6 Social Media Blunders that Sink a Job Search Print E-mail
by Alesia Benedict, CPRW, JCTC

Let’s say you are looking for a new job or a promotion at your current job.  If your prospective new boss pulls up your Facebook page, will he/she see photos of you drinking scotch from the bottle and the caption says “Drink till you die”?  Or your current employer may see a post on your Facebook page that reads:  “I hate my job, the boss is a jerk!”
 
These days, social media can be a help or a hindrance to your job search. Social media sites are not hidden.  Anything you post is likely to be seen. Most hiring managers search candidates’ online presence and that includes social networking. You will want to do the same. 
 
A basic search of your name is a good place to start. What does the search reveal? How deep are the results? Do you find one or two pages, or one or two lines? What does the search reveal about you? Remember, just because your Facebook posts don’t show up in the initial search doesn’t mean information posted there is inaccessible.  In fact, for some companies, that may be where the search begins. Be smart about your online presence and you will outsmart the competition.
 
1)     Social Media Sites.
Social media can be a big boost to job search, but folks have to use it in smart ways. Look at areas more under your control than the general Google search, such as Facebook or LinkedIn. Determine how professional or informal your presence appears on these sites. A critical analysis of your sites will reveal what is communicated about you. Take a step back and analyze social networking sites from a corporate perspective. If anything about the site leaves you feeling a bit embarrassed or “exposed”, you know where to begin making changes. Don’t sabotage your job search by being naïve enough to believe anything about you on the Internet is private.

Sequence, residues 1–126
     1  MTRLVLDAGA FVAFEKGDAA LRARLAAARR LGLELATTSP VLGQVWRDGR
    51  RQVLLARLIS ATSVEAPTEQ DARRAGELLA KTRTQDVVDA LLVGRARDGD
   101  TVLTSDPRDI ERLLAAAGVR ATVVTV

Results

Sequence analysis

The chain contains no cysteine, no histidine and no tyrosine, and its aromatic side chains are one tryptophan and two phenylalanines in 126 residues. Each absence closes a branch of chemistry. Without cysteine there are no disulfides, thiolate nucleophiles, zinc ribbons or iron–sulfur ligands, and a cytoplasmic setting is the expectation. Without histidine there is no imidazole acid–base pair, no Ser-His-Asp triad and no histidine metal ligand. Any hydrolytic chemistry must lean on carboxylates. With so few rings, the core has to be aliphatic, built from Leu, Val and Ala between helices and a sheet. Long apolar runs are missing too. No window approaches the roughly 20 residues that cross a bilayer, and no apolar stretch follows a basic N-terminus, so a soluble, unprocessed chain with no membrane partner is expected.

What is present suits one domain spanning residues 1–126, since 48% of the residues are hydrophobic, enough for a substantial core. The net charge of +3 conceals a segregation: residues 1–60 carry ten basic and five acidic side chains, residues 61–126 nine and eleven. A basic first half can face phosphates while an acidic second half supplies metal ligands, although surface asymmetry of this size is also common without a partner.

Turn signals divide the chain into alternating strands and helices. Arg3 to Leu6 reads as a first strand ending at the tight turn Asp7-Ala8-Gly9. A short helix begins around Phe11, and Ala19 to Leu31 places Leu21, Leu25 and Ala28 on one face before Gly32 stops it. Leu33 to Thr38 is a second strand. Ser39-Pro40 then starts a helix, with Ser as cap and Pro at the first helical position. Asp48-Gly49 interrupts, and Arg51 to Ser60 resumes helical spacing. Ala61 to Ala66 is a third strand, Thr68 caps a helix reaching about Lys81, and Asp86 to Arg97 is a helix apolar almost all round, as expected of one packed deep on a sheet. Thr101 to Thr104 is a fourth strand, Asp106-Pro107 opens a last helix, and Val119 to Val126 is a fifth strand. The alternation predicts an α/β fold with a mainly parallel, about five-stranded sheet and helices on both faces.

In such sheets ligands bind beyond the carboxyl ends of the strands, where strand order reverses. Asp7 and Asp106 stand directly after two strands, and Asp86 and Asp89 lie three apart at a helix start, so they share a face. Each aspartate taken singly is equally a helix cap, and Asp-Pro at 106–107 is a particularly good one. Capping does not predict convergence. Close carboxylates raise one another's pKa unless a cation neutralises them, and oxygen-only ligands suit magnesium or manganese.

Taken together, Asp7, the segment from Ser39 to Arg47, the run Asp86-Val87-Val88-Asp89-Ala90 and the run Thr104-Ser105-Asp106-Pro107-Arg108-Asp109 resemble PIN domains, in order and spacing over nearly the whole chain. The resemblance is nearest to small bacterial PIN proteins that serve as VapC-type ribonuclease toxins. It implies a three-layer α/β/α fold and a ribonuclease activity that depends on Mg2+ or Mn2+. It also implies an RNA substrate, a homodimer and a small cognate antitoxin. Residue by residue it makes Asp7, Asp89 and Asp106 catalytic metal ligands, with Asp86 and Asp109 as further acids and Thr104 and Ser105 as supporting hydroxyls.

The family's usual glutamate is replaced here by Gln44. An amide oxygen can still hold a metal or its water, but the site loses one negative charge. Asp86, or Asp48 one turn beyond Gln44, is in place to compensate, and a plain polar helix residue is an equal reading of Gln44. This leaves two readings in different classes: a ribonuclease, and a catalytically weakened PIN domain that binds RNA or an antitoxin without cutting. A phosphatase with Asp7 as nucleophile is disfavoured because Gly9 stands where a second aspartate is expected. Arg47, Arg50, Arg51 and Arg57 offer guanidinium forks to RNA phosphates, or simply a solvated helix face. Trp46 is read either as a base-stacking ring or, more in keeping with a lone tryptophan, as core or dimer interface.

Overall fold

2)     Inappropriate Language.
Remember your old English teacher’s admonition that you must pay attention to the written word? That remains true for writing on the web. Writing how you talk is not the best advice in the midst of your job search. Think of any written communication as a tiny billboard communicating your assets to hiring managers investigating your online presence.  Inappropriate language definitely includes profanity, so clean it up to strengthen your job search.
3)     Non-PC Statements.
Your social media pages may feel protected or hidden from the general public, but as with anything on the Internet, once it is there, you lose all control of the information. “Think twice and type once” might be a good reminder the next time you are posting.  Any Internet-based communication is open to the world and may be misconstrued. Think about the last time you tried to tell a joke or explain a sensitive situation via email. The recipient of cyber-messages may not interpret what was meant as a short-hand explanation in the same way you intended. 
4)     Negative Comments about your Current Employer.
The supposed sanctity of social media sites can lead many people to develop a false sense of security. As mentioned, social media sites are not completely private. If you are ranting about your current place of employment, the consequences of doing so “in print” are likely to be much more negative for you than the employer. Hiring managers typically avoid anyone whose posts suggest a difficult disposition, rather than the appearance of a team player. 
5)     Unflattering Photos.
Everyone knows drunken holiday party photos will sabotage your job search, but you should be cautious about the content of all photos you post. Public displays of affection, nudity, or any documentation of “unusual” behavior are likely to halt successful job leads. Check with your “friends” on Facebook as well to make sure there aren’t photos on their pages that may cast you in an unflattering light.
6)     Off-color humor.
The Internet is not the local bar or pub. You’re not just making jokes with people who already know you well and will forgive slips of the tongue. However, if negative comments are all the hiring manager knows of you, you are likely to be seen negatively.  
Don’t jeopardize your job search by ignoring potential negative impressions from your online presence. Social media sites are routinely accessed as part of the screening process so get rid of any questionable photos or posts. Beware of social media blunders by taking a smart look at your online presence as if through the eyes of the hiring manager, and you can remove barriers to your next position.